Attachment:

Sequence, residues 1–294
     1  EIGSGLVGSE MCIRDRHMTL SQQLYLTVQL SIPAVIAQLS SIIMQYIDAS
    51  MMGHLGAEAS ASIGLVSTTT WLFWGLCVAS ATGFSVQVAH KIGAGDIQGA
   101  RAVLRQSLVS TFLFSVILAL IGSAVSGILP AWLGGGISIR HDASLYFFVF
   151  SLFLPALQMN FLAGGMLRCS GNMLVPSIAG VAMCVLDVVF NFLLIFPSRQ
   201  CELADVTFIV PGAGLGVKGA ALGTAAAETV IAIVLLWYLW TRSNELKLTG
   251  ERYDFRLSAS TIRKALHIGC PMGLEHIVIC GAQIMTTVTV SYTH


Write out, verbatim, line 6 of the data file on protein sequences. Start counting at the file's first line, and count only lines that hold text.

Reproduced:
   201  CELADVTFIV PGAGLGVKGA ALGTAAAETV IAIVLLWYLW TRSNELKLTG